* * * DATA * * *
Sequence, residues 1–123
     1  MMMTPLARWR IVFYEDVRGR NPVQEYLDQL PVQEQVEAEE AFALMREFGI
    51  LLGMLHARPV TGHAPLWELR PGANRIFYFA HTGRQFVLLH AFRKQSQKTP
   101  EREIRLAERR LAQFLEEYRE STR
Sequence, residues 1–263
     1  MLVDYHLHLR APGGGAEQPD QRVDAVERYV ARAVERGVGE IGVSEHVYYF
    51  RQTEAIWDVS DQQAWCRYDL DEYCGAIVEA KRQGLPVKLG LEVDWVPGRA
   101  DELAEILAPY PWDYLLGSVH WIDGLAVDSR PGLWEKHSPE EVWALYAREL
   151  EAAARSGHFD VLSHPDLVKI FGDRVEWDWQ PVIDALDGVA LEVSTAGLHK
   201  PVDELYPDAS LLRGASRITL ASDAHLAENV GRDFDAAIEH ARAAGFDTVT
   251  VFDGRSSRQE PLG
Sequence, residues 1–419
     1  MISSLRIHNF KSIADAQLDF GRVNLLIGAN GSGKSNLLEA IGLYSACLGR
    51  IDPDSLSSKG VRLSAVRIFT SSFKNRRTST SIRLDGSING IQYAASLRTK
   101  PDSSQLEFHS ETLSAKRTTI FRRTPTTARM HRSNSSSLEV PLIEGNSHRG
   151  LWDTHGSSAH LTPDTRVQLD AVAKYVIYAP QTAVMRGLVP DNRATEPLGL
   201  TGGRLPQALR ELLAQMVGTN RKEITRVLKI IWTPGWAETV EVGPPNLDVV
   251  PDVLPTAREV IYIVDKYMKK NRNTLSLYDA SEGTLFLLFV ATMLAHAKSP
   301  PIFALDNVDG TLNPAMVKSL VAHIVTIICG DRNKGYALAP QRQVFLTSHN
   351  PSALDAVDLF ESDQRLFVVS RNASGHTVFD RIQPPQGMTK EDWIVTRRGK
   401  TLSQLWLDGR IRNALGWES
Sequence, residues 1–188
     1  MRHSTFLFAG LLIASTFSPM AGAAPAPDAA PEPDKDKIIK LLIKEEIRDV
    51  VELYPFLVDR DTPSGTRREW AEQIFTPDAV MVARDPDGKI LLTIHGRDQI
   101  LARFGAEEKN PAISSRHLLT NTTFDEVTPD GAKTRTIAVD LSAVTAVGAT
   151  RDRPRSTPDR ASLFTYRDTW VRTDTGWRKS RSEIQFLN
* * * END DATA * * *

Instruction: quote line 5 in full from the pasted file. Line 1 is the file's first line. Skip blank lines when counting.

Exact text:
Sequence, residues 1–263